4 6. Repeat steps 4 and 5 until all the practice plate wells have been filled. Everyone in your group should get an opportunity to practice pipetting into the wells. 7. Eject the pipette tip. PART B: SEPARATING DYES WITH GEL ELECTROPHORESIS Now you will use gel electrophoresis to separate different dyes. First you will add dyes into wells in the gel electrophoresis unit. You will then turn the unit on in order to move the negatively charged dyes through the gel. (You will share the electrophoresis boxes with one other group; your teacher will tell you which wells your group should use.) 1. Check your rack to make sure that you have the three dye solutions (S1, S2, and S3). 2. Review Figure 1.4 on page A-24. Check to make sure that the wells in the gel are located near the negative (black) electrode. 3. Fill the box with 1x SB to a level that just covers the entire surface of the gel. If you see any dimples over the wells, add more buffer. 4. Centrifuge the S1, S2, and S3 tubes. LAB TECHNIQUE: Distribute the tubes evenly in the microcentrifuge so that their weight is balanced. S3 S2 S1 S1 S3 S2 A 27

5 5. Make a drawing in your notebook that shows the location of the wells in the electrophoresis box. Record which solution you will place in each well. 6. Set the P-20 micropipette to 10.0 μl and put on a pipette tip. 7. Load 10.0 μl of S1 into the pipette. 8. Dispense the S1 into the well you ve designated for that solution by doing the following: a. Place your elbow on the table to steady your pipette hand. If needed, also use your other hand to support your pipette hand. b. Lower the pipette tip until it is under the buffer but just above the well. LAB TECHNIQUE: Do not puncture the gel or it will become unusable. c. Gently press the plunger to slowly dispense the sample. To avoid getting air into the buffer, do not go past the first stop. The sample will sink into the well. LAB TECHNIQUE: While the plunger is still depressed, pull the tip out of the buffer so that you don t aspirate the solution or buffer. Use a fresh pipette tip for each sample. 9. Repeat steps 7 and 8 for S2 and S3, using a new pipette tip with each solution. 10. When all the samples have been loaded, close the cover tightly over the electrophoresis box. (Carefully close the cover in a horizontal motion, so that samples don t spill.) 11. Connect the electrical leads to the power supply. Connect both leads to the same channel, with cathode ( ) to cathode (black to black) and anode (+) to anode (red to red). See Figure 1.6. Figure 1.6: Leads from electrophoresis box connected to correct channel in power supply A 28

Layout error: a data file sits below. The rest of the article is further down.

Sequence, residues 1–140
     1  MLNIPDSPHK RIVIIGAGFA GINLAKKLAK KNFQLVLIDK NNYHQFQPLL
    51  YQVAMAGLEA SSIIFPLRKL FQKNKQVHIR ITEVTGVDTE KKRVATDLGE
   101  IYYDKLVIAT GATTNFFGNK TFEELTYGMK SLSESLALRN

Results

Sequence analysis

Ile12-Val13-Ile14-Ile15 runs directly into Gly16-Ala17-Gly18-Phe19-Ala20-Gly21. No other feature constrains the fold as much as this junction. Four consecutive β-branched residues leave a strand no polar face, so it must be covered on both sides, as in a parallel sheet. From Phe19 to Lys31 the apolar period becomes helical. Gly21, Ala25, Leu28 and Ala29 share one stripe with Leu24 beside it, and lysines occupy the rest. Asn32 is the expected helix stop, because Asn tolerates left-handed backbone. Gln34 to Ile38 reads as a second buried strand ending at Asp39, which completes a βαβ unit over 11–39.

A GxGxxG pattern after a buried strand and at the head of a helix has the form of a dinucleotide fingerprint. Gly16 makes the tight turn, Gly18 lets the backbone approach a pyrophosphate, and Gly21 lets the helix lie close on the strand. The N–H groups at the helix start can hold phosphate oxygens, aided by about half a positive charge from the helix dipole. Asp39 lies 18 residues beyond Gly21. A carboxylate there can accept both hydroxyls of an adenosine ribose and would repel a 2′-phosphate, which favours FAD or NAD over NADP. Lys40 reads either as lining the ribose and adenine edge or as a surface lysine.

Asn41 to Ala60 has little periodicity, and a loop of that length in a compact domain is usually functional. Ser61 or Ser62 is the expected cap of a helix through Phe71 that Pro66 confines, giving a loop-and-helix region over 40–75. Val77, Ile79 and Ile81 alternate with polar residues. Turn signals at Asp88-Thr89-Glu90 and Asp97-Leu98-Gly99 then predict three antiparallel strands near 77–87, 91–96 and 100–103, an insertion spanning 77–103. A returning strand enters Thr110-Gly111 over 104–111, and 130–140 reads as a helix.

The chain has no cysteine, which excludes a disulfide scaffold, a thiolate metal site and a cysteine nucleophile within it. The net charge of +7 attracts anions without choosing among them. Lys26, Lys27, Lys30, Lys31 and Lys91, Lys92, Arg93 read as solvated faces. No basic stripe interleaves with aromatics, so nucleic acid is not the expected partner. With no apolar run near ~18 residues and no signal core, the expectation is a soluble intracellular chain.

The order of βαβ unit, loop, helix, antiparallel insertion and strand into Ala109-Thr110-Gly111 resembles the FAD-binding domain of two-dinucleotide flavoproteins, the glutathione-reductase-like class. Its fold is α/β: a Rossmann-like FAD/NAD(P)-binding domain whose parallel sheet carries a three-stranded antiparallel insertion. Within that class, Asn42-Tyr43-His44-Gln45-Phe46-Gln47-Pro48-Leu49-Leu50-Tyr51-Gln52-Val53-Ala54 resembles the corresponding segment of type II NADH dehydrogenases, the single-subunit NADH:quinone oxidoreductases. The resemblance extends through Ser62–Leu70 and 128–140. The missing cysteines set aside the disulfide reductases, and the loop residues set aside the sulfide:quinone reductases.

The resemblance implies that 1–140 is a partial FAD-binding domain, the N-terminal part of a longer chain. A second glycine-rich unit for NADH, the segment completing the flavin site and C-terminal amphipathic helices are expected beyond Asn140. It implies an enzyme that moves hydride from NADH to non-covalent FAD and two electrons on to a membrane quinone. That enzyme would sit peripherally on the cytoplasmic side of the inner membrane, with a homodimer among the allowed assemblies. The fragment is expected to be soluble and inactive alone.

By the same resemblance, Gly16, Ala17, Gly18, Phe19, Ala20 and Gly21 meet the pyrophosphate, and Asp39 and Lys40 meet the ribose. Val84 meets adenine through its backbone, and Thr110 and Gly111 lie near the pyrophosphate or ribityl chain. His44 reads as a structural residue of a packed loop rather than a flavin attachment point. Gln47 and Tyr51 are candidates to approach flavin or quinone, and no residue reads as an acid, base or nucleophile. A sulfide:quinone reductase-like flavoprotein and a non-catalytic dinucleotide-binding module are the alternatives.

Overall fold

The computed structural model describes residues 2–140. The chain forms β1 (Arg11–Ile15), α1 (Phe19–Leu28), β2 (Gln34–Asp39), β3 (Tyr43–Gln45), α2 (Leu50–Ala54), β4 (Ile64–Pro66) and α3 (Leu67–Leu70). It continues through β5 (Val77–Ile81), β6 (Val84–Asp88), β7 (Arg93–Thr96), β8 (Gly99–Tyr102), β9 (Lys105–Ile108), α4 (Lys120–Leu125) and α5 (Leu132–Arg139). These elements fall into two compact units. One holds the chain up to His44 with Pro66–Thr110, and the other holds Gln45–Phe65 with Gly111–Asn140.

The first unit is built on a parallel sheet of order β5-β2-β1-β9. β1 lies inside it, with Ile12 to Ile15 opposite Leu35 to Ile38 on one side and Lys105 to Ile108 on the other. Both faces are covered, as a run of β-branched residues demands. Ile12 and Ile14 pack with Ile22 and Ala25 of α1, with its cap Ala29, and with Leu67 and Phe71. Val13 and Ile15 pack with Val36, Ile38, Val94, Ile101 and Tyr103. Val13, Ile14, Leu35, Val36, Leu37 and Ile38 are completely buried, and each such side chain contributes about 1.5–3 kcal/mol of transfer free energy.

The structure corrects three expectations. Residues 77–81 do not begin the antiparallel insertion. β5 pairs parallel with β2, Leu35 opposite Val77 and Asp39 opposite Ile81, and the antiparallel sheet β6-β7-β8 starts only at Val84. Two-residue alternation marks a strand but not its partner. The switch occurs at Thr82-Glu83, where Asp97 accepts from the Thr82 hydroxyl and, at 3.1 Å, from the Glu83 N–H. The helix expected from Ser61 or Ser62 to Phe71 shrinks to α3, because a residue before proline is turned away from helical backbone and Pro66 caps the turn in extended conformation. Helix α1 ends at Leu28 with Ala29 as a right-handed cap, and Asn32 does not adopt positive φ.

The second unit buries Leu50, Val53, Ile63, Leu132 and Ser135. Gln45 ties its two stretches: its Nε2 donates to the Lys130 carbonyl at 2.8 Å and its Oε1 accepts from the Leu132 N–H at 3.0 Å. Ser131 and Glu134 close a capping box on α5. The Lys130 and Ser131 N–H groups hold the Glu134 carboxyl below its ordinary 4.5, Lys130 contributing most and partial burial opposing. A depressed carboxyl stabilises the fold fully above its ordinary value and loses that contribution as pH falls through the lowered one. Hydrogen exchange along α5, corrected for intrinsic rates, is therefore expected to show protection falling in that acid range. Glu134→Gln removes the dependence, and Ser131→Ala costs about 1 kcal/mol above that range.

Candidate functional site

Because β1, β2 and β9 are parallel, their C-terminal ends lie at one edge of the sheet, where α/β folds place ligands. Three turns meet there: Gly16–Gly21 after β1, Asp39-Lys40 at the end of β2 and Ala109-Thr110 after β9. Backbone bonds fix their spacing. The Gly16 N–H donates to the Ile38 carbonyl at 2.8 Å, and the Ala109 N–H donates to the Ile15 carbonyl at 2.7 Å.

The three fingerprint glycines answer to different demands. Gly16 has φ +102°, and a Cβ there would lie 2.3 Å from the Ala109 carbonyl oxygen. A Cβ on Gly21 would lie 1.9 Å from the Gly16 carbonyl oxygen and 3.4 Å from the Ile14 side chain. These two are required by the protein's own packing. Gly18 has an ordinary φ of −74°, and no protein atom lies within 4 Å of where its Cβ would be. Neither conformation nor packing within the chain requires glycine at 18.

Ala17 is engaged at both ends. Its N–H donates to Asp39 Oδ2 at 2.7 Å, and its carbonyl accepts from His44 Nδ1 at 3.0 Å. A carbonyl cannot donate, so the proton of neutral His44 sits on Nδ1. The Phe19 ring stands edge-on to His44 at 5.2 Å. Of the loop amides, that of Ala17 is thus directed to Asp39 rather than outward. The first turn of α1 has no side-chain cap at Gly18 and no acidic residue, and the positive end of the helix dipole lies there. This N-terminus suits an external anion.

6 12. Turn on the power supply and set the voltage to V. (You will see bubbles form in the buffer at the red (+) end of the electrophoresis unit.) 13. After two or three minutes, check to see if the dyes are moving toward the positive (red) electrode. You should begin to see the purple dye (bromophenol blue) beginning to separate from the blue dye (xylene cyanole). STOP AND THINK: Study your gel electrophoresis results. Which solution sample contained a single dye: S1, S2, or S3? How do you know? What electrical charge do the dyes have? Explain your reasoning. The dyes that you are separating are orange G (yellow), bromophenol blue (purple), and xylene cyanole (blue). If the molecular shape and electric charge of all three dyes are similar, what is the order of the dyes from heaviest to lightest molecules, based on your initial results? Why do you think this is the correct order? 14. In approximately 10 minutes, or when you can distinguish all three dyes, turn off the power switch and unplug the electrodes from the power supply. Do this by grasping the electrode at the plastic plug, NOT the cord. 15. Carefully remove the cover from the gel box and observe the dyes in the gel. 16. In your notebook, draw the relative location of the bands and their colors in each of the lanes containing your samples. 17. Leave the gels in the gel box. A 29